As a border state with mixed demographics, Texas faces political pressure to maintain a balanced student body at its flagship university, UT-Austin. (Texas maintains an extensive state-supported higher education system; UT-Austin is the most competitive.) Following Bakke, UT (and especially UT’s highly-selective law school) continued to grant significant preferences to black and Latino applicants at the expense of white applicants—a practice that was successfully challenged in a 1992 lawsuit brought by Cheryl Hopwood, a white applicant denied admission to UT’s law school even though considerably less-qualified minorities were admitted. UT vigorously fought the Hopwood case, prevailing in an eight-day bench trial before U.S. District Judge Sam Sparks in May 1994.
On appeal to the U.S. Court of Appeals for the Fifth Circuit, Hopwood scored the first victory in a legal challenge to a university’s affirmative action policy since Bakke. In a resounding opinion, the Fifth Circuit ruled in 1996 that the law school “may not use race as a factor in deciding which applicants to admit in order to achieve a diverse student body, to combat the perceived effects of a hostile environment at the law school, …or to eliminate any present effects of past discrimination by actors other than the law school.” The U.S. Supreme Court denied review. Despite UT’s unhappiness with the Hopwood decision, the state of Texas yielded to the requirement of color blindness in admissions at all state-supported institutions—sort of, and for the time being.
Excellence Increases, and Leaders Are Aghast
In the immediate wake of Hopwood, the percentage of UT-Austin’s entering freshman class who were black and Latino declined from 4.1 and 14.5 percent, respectively, to 2.7 and 12.6 percent respectively. Asian enrollment, however, increased by 20 percent. (Remember the concept of a zero-sum game; high-performing Asians are the ultimate victims of affirmative action.) The quota-conscious higher education establishment was aghast. Unwilling to accept the reduction in black and Latino enrollment resulting from a strictly meritocratic admission policy, in 1997 the Texas Legislature passed House Bill 588, the so-called Top Ten Percent Law, which grants automatic admission to UT to all students in the top 10 percent of their high school classes. Due to the heavily-minority composition of Texas’ urban school districts, this clever subterfuge introduced substantial racial, ethnic, and geographic diversity into UT admissions without explicitly considering race. The Top Ten Percent Law restored the sought-after diversity at UT to pre-Hopwood levels (and then some). But the Top Ten Percent Law still didn’t produce enough blacks to suit UT, and came at the cost of lowering the median SAT scores of the entering classes, so UT introduced a “holistic” admission component to supplement the top 10 percent.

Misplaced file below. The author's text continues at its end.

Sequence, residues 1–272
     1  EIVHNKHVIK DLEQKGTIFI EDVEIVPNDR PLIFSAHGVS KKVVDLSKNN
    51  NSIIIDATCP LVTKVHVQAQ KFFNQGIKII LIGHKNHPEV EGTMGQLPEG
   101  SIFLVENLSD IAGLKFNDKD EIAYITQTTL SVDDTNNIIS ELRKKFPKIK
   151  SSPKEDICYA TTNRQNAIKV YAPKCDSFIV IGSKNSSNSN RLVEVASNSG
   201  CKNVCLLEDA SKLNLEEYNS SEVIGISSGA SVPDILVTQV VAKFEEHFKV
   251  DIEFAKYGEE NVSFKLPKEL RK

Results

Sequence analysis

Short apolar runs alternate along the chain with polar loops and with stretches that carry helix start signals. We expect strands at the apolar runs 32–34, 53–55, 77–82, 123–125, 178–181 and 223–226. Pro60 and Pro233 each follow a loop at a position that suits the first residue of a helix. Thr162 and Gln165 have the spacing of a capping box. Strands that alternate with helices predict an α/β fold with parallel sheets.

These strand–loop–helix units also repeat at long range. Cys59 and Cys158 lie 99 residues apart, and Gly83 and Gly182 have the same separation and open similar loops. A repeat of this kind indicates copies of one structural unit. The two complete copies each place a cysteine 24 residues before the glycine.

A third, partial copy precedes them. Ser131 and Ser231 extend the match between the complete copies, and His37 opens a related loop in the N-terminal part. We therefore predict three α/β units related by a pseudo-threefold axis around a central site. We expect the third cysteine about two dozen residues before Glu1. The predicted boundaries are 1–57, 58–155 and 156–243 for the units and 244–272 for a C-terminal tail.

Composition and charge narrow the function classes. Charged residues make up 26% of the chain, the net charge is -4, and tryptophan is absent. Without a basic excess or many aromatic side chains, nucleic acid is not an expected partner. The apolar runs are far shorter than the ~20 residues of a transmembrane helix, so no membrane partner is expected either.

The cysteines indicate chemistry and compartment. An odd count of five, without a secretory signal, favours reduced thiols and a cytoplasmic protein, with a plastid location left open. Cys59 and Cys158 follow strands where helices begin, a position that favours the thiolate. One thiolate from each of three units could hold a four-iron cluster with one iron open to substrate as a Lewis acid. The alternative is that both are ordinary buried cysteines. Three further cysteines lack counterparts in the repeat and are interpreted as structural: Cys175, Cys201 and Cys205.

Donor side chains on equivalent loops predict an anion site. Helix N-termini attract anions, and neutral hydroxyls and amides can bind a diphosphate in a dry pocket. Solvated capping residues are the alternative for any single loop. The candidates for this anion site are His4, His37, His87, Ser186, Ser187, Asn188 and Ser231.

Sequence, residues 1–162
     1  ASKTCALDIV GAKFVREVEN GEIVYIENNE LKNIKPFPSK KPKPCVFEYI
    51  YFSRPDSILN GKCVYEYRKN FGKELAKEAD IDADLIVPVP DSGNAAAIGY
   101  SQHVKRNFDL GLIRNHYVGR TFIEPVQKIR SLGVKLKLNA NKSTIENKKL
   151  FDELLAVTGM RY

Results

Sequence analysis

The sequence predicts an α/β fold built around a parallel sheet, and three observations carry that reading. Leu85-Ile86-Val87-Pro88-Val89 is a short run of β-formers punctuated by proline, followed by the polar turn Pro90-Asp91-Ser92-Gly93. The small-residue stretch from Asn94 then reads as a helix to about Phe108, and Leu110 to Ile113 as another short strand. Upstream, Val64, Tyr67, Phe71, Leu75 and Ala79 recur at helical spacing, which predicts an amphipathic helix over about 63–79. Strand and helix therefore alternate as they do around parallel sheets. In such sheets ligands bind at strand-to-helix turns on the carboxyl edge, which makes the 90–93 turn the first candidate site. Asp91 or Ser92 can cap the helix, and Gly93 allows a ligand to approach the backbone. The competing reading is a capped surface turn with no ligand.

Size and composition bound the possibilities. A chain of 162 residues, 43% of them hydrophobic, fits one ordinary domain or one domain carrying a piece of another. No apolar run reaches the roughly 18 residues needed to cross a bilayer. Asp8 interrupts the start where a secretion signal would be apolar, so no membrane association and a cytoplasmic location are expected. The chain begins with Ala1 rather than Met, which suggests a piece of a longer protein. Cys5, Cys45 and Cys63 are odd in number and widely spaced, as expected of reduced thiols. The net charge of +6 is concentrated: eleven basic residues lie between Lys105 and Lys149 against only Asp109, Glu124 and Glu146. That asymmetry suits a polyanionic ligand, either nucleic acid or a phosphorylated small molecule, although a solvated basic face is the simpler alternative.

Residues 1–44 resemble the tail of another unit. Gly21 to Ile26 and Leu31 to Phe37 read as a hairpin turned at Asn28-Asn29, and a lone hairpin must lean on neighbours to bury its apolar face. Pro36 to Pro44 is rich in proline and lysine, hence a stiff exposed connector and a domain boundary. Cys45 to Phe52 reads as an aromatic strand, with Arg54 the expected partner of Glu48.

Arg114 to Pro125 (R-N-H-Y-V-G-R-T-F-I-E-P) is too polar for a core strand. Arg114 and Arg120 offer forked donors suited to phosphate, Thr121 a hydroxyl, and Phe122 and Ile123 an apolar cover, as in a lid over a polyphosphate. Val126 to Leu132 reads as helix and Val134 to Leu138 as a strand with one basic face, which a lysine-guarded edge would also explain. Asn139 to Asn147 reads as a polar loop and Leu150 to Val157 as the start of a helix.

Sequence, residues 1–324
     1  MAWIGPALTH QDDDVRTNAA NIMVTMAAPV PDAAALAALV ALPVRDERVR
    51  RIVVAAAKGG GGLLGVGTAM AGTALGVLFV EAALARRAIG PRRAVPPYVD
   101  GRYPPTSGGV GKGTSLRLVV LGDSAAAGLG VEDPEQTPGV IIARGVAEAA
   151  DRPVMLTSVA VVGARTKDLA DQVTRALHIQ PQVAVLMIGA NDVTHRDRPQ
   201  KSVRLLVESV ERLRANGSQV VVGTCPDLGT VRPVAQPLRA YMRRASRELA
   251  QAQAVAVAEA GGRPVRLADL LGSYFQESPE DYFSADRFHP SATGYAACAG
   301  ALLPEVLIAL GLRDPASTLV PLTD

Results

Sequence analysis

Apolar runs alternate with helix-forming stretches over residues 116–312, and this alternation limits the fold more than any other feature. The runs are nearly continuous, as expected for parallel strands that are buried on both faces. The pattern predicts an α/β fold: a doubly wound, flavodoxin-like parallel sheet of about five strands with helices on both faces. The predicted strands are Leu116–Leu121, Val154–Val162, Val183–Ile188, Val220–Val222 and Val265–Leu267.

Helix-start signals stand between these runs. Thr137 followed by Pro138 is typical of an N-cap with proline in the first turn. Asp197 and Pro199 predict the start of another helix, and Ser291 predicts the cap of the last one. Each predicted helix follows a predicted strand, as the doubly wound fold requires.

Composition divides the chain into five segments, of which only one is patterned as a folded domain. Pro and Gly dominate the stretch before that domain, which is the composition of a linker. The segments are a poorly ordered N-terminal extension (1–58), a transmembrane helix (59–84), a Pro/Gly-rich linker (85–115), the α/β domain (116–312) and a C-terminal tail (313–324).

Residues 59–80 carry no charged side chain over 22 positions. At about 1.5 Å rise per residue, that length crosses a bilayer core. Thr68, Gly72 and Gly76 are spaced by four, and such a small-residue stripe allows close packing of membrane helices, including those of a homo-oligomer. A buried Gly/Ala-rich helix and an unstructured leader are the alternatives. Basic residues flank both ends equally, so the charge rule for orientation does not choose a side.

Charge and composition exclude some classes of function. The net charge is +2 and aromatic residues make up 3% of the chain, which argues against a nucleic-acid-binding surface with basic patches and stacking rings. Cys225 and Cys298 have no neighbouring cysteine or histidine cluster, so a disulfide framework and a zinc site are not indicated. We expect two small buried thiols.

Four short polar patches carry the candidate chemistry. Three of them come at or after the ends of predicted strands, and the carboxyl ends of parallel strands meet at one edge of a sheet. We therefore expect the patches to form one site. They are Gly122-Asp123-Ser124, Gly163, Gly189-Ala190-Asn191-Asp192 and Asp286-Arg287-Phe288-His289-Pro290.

In 2003, the U.S. Supreme Court re-addressed affirmative action in Grutter v. Bollinger, producing another badly-split decision (this one 5-4) that upheld the University of Michigan’s racial preferences with the controversial notion (advanced by Justice Sandra Day O’Connor) that race could be considered as a factor in admissions to achieve the mix of minority students necessary to realize the supposed educational benefits of diversity. The details were as elusive as the goal itself. The Grutter majority was tenuous and unstable, as evidenced by the fact that Justice Anthony Kennedy—normally a pivotal “swing vote”—dissented. While the Grutter rationale was inscrutable, the decision disapproved of Hopwood, leading UT to immediately renew the use of race in admissions—in addition to the 10 percent rule and “holistic” review. (Texas A&M University, Texas’ other major public university and UT’s main rival, chose to forgo racial preferences.) Of course, a legal challenge was inevitable.